Inner City Diary
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Let me tell you who the real tough guys are
November 4, 2001
Everyone knows we've got tough people in this neighbourhood.

People hear about the gangsters on the news, see mug shots of the ten “most wanted” losers. Looking at their grizzled faces and bleary eyes, reading accounts of their exploits, one might assume they are the toughest folk in the neighbourhood.

I'm sure they're tough enough to beat the snot out of me, but that's no big achievement. The props of their toughness - rumbling bikes, gang colours, weapons and pack mentality - are symbols of gutlessness. They are more to be pitied than feared.

They get old and die like the rest of us, with nothing to show for the noise and damage they've caused. Their “friends” backstab them. Their kids hate them. The collective memory of the neighbourhood mocks them. They are swept away by the tide of their circumstances, like driftwood caught in currents of greed and laziness.

I know lots of people tougher than them.

Take the guy who learned a new language, went to work every day at 5am, got hassled by co-workers for doing his job well, and abused by bosses until he retired. Then there's the woman who worked years in factories where the insult of daily worker searches was added to the injury of harsh working conditions and pitiful pay. There's another woman who worked her fingers to the bone in sewing factories. And that's just my dad, mom and aunt!

Real toughness is characterized by a refusal to give up on doing the right things. A stubbornness in responsibilities, sticking with “impossible dreams.”

My friend Bonnie is that kind of a person.

She fell about four months ago and doctors used an assortment of pins and plates to piece her back together. Countless hours of physio. No pity parties. Lots of determination.

But that only begins to describe her toughness.

For over thirty years, Wayne, Bonnie and Connie have run a little “Variety Store” and theatre here in the West End.

Over the years, they've had more than a hundred incidents of vandalism, robbery and various forms of nastiness. They've dealt with hookers, dealers, con artists, and a wide variety of other loons and goons. They've been on the verge of bankruptcy, or quitting, countless times.

But it's plain that this corner belongs to Bonnie, Wayne, and Connie. It becomes plain every time the “Open” sign goes up in the window. Raising that sign has become a daily act of defiance which has inspired residents of this community for years.

In some ways their place is like countless other coffee shops in every other place. Regular people at regular times coming for their regular coffee, regular sandwich or soup. Some come for conversation. Some just to share counter space with those who like to talk. They listen, squint, smile and frown at the banter. The conversation becomes a litmus test for the self-image of the community.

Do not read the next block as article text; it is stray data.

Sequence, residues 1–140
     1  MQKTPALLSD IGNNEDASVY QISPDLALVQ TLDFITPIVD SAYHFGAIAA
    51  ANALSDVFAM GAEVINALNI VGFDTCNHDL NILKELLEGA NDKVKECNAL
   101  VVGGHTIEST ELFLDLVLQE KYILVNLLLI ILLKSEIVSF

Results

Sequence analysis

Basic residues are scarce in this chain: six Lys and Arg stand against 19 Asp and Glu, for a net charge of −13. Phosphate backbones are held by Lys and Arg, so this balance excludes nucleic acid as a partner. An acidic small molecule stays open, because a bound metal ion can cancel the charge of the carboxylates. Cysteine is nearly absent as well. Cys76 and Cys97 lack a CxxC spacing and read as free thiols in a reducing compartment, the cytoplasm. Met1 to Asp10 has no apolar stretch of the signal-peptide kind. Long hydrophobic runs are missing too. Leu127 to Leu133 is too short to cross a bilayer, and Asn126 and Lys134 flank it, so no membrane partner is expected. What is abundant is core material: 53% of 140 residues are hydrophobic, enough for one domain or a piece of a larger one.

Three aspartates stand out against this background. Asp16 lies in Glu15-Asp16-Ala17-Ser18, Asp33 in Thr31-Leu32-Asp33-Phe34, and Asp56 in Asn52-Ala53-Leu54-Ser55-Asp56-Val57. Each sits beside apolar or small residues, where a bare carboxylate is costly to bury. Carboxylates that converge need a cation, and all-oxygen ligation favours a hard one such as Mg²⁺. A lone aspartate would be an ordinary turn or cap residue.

Listen for awhile and you'll hear what's wrong with the world. You'll hear customers talk about “damn politicians,” bungling bureaucrats, crazy crooks, and neurotic neighbours.

But if you stay long enough, you'll get a taste of more than coffee, cigarette smoke, and lively conversations.

You'll get a taste of what's good about this neighbourhood, good about this corner. People meet. Tough people who have lived through tough times. Lives are shared. Ideas become reality and hopes are re-kindled. The up-and-coming can learn from former teachers, truckers, politicians, wardens, cons and doctors. Representatives of almost every imaginable profession.

They've taken more confessions, brokered more peace agreements and done more social work than most of the “professionals” combined. They've visited customers in hospitals, given rides and helped them clean their homes. They've counseled and cajoled, laughed and cried with countless friends. They've attended funerals of elderly customers and graduations of younger children.

Like every coffee shop, they serve coffee. But that coffee, those three tough people, and this corner become parts of the glue that keeps a community together.

I know Bonnie's toughness has helped the healing of her arms and legs. What she may not know is how much it has helped us as well.
Copyright 2001
Rev. Harry Lehotsky
Rev. Harry Lehotsky is Director of New Life Ministries, a community ministry in the inner-city of Winnipeg, Manitoba.
New Life Ministries
West End CIA
Contact info:
New Life Ministries
514 Maryland Street
Winnipeg, Mb R3G 1M5
(204) 775-4929
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